Are you ready for the start of the new school year?

The start of a new school year is a busy time. There are uniforms to sort out, timetables to learn, and lunch boxes to prepare, as well as making the big switch from summer holidays to term-time routines.

Back to School
(Image credit: Future)

Eight ways to get organised

1. Check out the school’s online calendar. Certain events are set way in advance, before term starts – or certainly within the first couple of days of the children being back at school. Note every detail of the next year’s school dates (including term dates, inset days, early finishes and so on) right at the start of the year. It’ll help prevent the last minute “I didn’t know about this!” dramas.

2. Shop alone. While children might want to come along for a new-term shopping spree, it might be more cost efficient to go alone, with a strict list you’ll stick to. Browsing with an entourage can easily lead to spending more than you planned, as they do their best to persuade you to buy the top-of-the-range, oh-so-cool stationery and backpack they just “have to” have.

3. Buy a fabric pen …in fact, a pack of fabric pens in different colours (for different siblings), for clothes naming purposes. Save yourself the effort of sewing name labels into uniforms by writing directly onto clothing labels. Permanent markers and laundry markers all work well.

4. Prep for the homework. Clear the decks! Wherever your child does their homework, before term starts, clear the space of holiday souvenirs, crafts and “stuff” that ends up covering every surface during the summer. Invest in either a desk tidy or a lunchbox with sections and make sure it has all those essentials stashed neatly ready to be used, including glue stick, ruler, scissors, rubber, post-it notes, paper clips and stapler, pens and pencils in the basic colours.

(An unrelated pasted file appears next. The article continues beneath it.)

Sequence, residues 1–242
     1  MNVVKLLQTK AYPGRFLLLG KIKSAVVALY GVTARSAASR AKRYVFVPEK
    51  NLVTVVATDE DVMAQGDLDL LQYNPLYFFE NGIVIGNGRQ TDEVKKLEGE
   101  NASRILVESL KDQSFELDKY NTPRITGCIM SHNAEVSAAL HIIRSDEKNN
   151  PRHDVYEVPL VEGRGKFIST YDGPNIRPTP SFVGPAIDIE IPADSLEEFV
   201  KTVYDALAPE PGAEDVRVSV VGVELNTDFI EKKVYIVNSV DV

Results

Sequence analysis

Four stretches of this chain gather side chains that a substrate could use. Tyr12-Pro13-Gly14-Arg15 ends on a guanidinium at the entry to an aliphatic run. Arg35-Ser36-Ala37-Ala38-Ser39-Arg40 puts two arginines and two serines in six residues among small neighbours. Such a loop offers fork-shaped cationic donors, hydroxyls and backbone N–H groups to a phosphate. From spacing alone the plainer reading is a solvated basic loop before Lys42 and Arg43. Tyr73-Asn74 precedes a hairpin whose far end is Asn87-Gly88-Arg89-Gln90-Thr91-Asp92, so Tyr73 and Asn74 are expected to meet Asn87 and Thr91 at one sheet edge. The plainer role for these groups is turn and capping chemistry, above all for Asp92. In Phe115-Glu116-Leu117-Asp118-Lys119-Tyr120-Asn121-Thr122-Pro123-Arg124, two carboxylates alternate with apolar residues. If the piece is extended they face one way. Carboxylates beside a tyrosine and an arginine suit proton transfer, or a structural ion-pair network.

5. Make lunch easy to I.D. Lots of children have the same or very similar lunch bags and boxes which easily get lost or mixed up at school. Make them simple to identify by tying some ribbon or a bright pipe-cleaner around the handle so your child can spot theirs immediately.

6. Get in sync. There are lots of apps to help you schedule and plan for clubs, daily and weekly events, meal ideas and reminders. Make sure your family’s phone calendars are synced so that responsibility is shared – and set alerts 24 hours before every event.

7. Avoid the morning hair-scare. Buy a large craft box and keep all the clips, hair bobbles, elastics and grips in one tidy place. Find a mini version to keep in the children’s bedrooms too, so when they remove them at night they’ll be stashed somewhere you can find them. Tip: Make sure you buy a box big enough to hold hair brushes and combs too.

8. Refresh last year’s uniform. Unless your child’s grown out of their uniform, it’s possible to freshen-up last year’s clothes and put some new life into them. A single pot of black or navy fabric dye will work on at least six pieces of clothing. And while you’re at it – some in-wash whitener and stain remover for the inevitable felt tip and ink stains.

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Three ways to help kids get ahead

 1: Make brain-boosting snacks

After six long weeks of sleeping-in, children are going to require energy for brain power and concentration in the classroom. These easy-to-make flapjacks will help sustain energy levels when going back to school – why not make them together.

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What you need (Makes 12) 

Optional ingredients - you could also add one or two of your favourites from below


For more great activities and ideas to do with your children, visit The Week Junior’s activity hub here []

2: Encourage them to get organised